The deal was announced on Tuesday, and it was presumably the catalyst that sent Mad Catz's stock up more than 14% that day on significant volume; the closing price was $1.33. Yes, it is a low-single-digit equity, and that's what needs to be addressed here.
You won't get an argument from me that a stock's absolute price value should not be the only thing that matters. Yet when you are engaging shares that trade at extremely low bids, you are dealing with a very, very volatile situation most of the time (in timely fashion, I recently made this exact point to a reader who wrote me about Mad Catz after perusing a recent article of mine on video games). This is the realm of the speculators, and it is a deep, dark path indeed, one that can yield you a lot of gold if you're careful and quick (and, most of all, lucky) but that, more often than not, can easily destroy your savings in a single acidic moment.
There are probably a lot of individual investors out there who saw the action in Mad Catz and said, "Hey! I want in!" I'm not here to say that you won't be successful -- I can't, because I'm not gifted with the power to see a stock's future return. As a matter of fact, Mad Catz might indeed make you some money. A quick check of its ratings from the Investor's Business Daily resource shows a pretty decent earnings-per-share rank and some nice technical strength, but its sales/margins/return-on-equity grade is very weak. More research would be needed to see exactly what type of value it offers in the context of a growing video-game industry.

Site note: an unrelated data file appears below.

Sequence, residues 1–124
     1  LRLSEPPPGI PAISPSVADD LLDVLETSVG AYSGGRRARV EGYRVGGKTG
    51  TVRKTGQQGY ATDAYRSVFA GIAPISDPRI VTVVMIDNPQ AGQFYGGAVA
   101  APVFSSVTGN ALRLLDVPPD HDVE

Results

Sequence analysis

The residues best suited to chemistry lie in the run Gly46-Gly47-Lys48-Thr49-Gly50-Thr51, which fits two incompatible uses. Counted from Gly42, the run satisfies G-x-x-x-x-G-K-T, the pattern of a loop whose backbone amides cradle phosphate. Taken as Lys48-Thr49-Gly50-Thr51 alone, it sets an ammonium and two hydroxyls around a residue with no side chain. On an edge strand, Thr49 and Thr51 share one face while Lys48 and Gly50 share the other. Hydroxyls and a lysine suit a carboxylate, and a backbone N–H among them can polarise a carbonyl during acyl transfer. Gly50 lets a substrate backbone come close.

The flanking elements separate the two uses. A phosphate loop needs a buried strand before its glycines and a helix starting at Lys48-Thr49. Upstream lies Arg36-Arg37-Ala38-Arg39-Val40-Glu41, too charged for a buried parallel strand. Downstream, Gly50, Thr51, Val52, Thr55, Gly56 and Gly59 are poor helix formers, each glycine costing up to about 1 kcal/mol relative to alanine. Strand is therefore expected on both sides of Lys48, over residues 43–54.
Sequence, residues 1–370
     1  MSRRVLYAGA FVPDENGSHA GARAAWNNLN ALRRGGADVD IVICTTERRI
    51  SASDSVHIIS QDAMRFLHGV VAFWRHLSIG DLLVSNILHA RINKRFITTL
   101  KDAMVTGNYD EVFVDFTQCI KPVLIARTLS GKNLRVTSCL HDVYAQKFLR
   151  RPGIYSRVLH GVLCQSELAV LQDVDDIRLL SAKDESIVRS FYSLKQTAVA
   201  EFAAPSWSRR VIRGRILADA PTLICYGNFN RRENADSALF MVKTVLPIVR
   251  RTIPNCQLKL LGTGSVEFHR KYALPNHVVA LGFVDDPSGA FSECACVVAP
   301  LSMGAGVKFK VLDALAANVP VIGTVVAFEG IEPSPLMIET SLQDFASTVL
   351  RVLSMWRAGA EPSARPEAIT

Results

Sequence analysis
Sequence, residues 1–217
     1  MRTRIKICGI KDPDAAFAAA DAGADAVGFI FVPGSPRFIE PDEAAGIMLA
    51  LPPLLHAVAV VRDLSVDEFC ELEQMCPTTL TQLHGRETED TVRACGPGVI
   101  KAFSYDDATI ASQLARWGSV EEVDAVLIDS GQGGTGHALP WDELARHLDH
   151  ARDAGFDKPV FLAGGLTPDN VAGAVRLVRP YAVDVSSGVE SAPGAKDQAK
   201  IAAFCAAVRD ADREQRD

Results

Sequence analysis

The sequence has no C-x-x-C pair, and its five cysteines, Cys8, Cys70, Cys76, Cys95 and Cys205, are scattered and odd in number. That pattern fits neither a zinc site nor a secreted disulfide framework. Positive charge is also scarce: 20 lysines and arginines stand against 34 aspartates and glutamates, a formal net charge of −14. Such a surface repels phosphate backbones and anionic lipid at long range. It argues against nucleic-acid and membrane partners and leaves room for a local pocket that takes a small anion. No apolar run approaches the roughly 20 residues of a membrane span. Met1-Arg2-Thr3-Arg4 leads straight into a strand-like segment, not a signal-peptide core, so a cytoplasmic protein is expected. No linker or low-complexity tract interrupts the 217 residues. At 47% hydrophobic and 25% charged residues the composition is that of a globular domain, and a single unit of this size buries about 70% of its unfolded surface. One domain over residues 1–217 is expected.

Still, I wouldn't be comfortable entering Mad Catz at this time. I own shares of Marvel, a Motley Fool Stock Advisor recommendation, and I have confidence in its ability to drive earnings by leveraging its large portfolio of famous characters in a diverse mix of potentially lucrative licensing arrangements. I'm confident that a box-office miss on the part of Fantastic Four won't destroy the longer-term prospects of the company. But what if the film fails and all the accessories carrying its logo collect dust on store shelves? Will the speculators indiscriminately dump shares of Mad Catz and send the price back toward a buck? It's extremely conceivable.
While I may have secretly fantasized that I had shares of Mad Catz sitting in my brokerage account, waiting to be sold so that I could reap the gold (believe me, I would have sold into the strength), I'm happy enough to be on the Marvel side of things. Mad Catz may see more fantastic action in the near future; before you decide to take the ride, be extremely cautious and make certain that your portfolio can handle the risk.
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